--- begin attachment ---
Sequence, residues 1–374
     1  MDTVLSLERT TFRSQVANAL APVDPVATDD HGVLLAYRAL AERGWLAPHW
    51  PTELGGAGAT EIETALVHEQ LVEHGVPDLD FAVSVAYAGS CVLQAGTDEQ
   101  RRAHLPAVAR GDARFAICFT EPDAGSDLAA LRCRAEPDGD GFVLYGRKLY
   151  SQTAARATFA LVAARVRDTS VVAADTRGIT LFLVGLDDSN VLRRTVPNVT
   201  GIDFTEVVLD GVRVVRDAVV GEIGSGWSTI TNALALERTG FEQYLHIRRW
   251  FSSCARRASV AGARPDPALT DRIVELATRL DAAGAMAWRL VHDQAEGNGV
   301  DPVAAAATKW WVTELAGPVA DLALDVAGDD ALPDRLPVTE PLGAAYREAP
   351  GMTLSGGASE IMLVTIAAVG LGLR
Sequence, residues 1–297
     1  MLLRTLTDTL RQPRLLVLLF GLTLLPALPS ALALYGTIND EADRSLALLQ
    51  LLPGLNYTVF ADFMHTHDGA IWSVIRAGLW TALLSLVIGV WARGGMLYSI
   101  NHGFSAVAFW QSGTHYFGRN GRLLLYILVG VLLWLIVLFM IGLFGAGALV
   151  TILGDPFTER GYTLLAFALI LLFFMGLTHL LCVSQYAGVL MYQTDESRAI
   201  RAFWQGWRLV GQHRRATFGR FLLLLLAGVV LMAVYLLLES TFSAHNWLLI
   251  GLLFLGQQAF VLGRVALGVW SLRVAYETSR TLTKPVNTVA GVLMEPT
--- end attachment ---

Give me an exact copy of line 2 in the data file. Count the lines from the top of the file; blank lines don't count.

     1  MDTVLSLERT TFRSQVANAL APVDPVATDD HGVLLAYRAL AERGWLAPHW